Image: Andrew Whitton/ Q Magazine

‘TYRON’ review: Slowthai’s exceptional sophomore outing

Trigger warning: this article discusses suicide.

I remember first being introduced to Slowthai by a friend. Watching the music video to ‘T N Biscuits’, it was immediately clear that he was not a conventional UK rapper. The release of his debut album, Nothing Great About Britain, affirmed what makes him special. Songs like the title track fused well thought out political convictions with hip-hop and punk, and more sombre notes with sobering lyrics like we hear on ‘Northampton’s Child’, proved Slowthai to be an adept storyteller that can speak to a wider audience than the traditional rap fan.

The release of Slowthai’s sophomore album, TYRON, is a continuation of these same qualities, but it is also a more inward-looking record focusing on the rapper himself. Fitting, then, that the album title is Slowthai’s birth name: Tyron. The album is presented as a two-disc format, each having a very distinct emotional tone. Disc one is filled with the explosive bangers you would come to expect from the rapper, while disc two is a much more self-conscious look into Slowthai’s mind, with features from the likes of James Blake.

The opening track, ‘45 SMOKE’, is an energetic and humorous start to the album. I particularly like the verse “Speak patois in case somebody listens”, probably because it connects to my childhood speaking slang with friends in front of strangers. The next track, ‘CANCELLED’, featuring Skepta, was admittedly not a favourite track of mine. As you might expect, the song is about ‘cancel’ culture. There is a wider context for this track; during the 2020 NME Awards, Slowthai made some sexualised comments towards Katherine Ryan which led to a severe backlash. Slowthai had later publicly apologised, and Ryan had accepted his apology, though it’s clear that the incident is still on his mind. It’s very swagger-driven and boastful, but Skepta really does outshine Slowthai here.

‘MAZZA’ is one of the highlights of the album. Featuring A$AP Rocky, the track focuses on Slowthai’s mental health, ADHD and drug abuse. The song is deceptively upbeat despite its lyrical content. Rocky complements Slowthai with equally compelling verses: “Light a flame, toss a Molotov / Drop it off, then I Mazel Tov.” The entire track has a very simple trap beat, but it perfectly falls into the background while putting Slowthai and Rocky into the foreground.

The next two tracks, ‘VEX’ and ‘WOT’, are your average grime bangers. Both are aggressive and bop-worthy but they lack structure and variation, which makes them seem more like filler tracks than fully developed singles. ‘PLAYING WITH FIRE’, being the final track in disc one, feels transitional. Slowthai discusses having to deal with consistently negative thoughts that come with acute depression, which is developed even further in the first track on disc two, ‘i tried’. A melancholy tune, the song goes through the emotions of Slowthai’s road to success and the roadblocks in between. He is simultaneously triumphant and broken. The following track, ‘focus’ also covers the same themes but tries to have a more positive framing, telling us to focus on the task ahead and ignore the negativity.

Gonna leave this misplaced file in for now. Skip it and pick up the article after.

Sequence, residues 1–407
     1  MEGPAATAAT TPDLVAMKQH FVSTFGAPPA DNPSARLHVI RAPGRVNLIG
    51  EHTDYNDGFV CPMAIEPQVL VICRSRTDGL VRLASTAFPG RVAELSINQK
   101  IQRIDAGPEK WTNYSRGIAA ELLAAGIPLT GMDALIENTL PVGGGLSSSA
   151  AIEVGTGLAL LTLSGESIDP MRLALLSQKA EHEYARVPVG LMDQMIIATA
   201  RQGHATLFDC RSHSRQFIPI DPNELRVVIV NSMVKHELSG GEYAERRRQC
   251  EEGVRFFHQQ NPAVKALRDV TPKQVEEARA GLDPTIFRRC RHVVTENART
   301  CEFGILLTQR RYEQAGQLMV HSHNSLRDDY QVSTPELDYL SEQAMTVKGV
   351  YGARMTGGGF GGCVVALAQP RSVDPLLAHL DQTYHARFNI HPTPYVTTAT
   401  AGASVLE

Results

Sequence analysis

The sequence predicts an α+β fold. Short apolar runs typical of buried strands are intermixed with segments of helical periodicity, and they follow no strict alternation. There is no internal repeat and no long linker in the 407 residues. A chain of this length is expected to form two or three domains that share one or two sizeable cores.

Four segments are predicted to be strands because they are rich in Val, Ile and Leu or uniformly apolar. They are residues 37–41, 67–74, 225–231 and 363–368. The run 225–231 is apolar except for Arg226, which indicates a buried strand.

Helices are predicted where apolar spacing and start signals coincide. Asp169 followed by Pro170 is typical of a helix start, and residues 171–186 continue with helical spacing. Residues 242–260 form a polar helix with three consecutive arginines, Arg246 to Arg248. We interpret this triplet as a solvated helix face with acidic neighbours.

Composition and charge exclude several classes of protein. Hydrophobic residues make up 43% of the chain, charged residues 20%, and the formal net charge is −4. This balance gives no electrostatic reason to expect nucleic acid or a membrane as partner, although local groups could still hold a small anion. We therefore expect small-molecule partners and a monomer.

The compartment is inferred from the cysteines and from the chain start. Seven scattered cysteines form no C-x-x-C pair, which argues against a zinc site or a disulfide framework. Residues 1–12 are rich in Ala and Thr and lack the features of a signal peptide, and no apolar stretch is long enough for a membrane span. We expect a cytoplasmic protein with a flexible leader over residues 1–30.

[‘adhd’] is a very emotional, yet fitting, end to the album


‘push’, featuring Deb Never’s beautiful lead vocals, contrasts to the previous track with an acoustic and sombre instrumental. The song is about perseverance and resilience which is perfectly illustrated by Never: “Hard are the days he learned to know / The calm comes after the storm / Sit back and watch the rain / Breathe out before tomorrow”.

‘nhs’, arguably the highlight of the album, is as close as we’ll get to a happy song on the record. While the track has a rather uplifting rhythm, the lyrics are anything but. Slowthai tries to come to terms with the fact that the good in life is also balanced with the bad. As you might have guessed, the title is named after the National Health Service: specifically, about “appreciation… The NHS—something that’s been doing work for generations, to save people—it’s been so taken for granted.”

The penultimate track, ‘feel away’ featuring James Blake and Mount Kimbie, is a dedication to Slowthai’s brother who passed away when they were children. The guest vocals are beautiful and tearful. The song itself about the breakdown of a relationship because of the negative qualities of both individuals: “Suddenly not half the man I used to be / But truthfully, ain’t half the bitch you could’ve been.”

Finally, we have ‘adhd’, a song about Slowthai living with ADHD and how people responded to him as a result while growing up. The themes of depression and anger in this record explosively culminate in this track. The final chorus cuts off with the verse “Goodbye, my only decision” as if he had committed suicide before reappearing in a phone call with what may be a friend or family member, telling them he loves and misses them. The final verse, “Fail to exit like I ain’t got a visa” is a very dark joke about his failed attempt to end his life. It’s a very emotional, yet fitting, end to the album.

TYRON is a story of Slowthai’s life, meaning that any track alone really lacks context, but by no means does that take away from the quality of it. The two-disc structure was a smart decision, separating the two very distinct set of songs, one being energetic and the other being melancholic. The themes of mental health were well developed and felt genuine.

Recommended listening: ‘nhs’




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